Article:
Evers explains that the narratives of brutality and violence require a social context in order to properly address the phenomenon of totalitarianism, thus gesturing toward the importance of “fearful anticipation,” which grounds narrative in the larger social project of avoiding future catastrophe.

However, in Eichmann in Jerusalem, Arendt explicitly recognizes a particularly poignant testimony from survivor and witness, Zyndel Grynszpan, seemingly undermining the hierarchy deployed in “The Concentration Camps.” Evers offers two possible interpretations of this turn. The less challenging of the two is that Grynszpan is the “exception that proves the rule,” since Arendt pointedly praises only his account while retaining skepticism towards that of the other survivors. A more difficult interpretation concedes that one can communicate effectively from the depths of oblivion, suggesting that there are aspects of totalitarianism that pervade our culture, and thus are bekanntlich. Arendt eschews theories of violence, writing that it is “a marginal phenomenon in the political realms,” since in its most radical forms, violence silences. Yet, if a witness to the radical violence of twentieth-century totalitarianism could effectively break this silence, it would seem incumbent on political theory to attempt to account for even the most heinous of modernity’s crimes.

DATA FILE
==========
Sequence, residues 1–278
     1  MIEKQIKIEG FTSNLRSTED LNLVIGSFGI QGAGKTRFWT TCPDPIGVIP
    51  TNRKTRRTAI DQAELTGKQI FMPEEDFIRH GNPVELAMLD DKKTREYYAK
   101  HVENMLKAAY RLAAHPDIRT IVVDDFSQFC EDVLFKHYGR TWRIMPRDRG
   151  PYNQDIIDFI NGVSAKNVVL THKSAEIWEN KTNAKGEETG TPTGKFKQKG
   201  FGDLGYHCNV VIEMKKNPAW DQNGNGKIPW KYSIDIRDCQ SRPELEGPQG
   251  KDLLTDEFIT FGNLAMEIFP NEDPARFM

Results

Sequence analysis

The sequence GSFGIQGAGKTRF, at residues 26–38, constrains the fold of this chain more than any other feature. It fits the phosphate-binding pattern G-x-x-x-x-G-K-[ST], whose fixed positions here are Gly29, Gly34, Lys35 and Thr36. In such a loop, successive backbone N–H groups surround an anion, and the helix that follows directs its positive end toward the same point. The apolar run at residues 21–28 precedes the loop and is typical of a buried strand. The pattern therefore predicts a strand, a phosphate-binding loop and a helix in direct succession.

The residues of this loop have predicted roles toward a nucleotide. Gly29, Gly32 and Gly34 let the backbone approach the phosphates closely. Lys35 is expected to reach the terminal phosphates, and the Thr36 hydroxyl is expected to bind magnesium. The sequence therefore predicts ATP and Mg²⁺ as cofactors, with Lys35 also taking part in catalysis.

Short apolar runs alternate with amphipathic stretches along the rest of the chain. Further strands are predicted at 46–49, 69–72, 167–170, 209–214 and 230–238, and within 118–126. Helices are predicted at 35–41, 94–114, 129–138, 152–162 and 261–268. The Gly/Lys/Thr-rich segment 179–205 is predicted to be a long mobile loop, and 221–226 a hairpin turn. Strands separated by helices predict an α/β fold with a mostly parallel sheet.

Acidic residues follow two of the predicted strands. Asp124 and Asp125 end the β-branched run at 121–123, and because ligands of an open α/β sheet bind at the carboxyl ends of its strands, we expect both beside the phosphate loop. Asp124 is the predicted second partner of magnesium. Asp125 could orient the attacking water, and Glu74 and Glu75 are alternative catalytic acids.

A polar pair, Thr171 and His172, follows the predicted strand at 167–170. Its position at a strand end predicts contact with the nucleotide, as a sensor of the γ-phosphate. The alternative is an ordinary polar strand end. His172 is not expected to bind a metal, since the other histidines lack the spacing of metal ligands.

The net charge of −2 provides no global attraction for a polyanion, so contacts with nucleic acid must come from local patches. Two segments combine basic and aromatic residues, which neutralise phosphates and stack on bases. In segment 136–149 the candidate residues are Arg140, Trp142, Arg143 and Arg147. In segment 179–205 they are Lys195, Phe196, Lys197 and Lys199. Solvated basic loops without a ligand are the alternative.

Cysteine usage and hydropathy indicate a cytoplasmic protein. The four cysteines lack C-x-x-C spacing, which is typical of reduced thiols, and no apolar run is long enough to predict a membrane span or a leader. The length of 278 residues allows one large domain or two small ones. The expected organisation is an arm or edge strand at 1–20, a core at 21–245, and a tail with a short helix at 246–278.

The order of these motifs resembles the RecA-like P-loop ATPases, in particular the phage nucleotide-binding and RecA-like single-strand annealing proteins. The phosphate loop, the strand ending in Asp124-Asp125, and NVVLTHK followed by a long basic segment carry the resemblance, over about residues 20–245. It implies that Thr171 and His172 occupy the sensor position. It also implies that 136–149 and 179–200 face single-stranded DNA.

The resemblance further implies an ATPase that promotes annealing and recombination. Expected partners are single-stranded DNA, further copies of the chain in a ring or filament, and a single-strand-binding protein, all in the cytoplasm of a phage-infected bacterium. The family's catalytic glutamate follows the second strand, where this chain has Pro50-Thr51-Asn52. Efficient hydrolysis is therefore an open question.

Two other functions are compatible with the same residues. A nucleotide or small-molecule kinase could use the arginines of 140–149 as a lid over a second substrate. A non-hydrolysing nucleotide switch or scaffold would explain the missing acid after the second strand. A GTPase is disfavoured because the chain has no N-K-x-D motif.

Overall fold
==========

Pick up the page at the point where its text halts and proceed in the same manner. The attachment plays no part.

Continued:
Read the full version of Kai Evers’s “The Holes of Oblivion: Arendt and Benjamin on Storytelling in the Age of Totalitarian Destruction” at the TELOS Online website. If you are affiliated with an institution that is an online subscriber to Telos, you have free access to our complete online archive. If not, you can purchase 24-hour access to this and other Telos articles at the low rate of $5/article.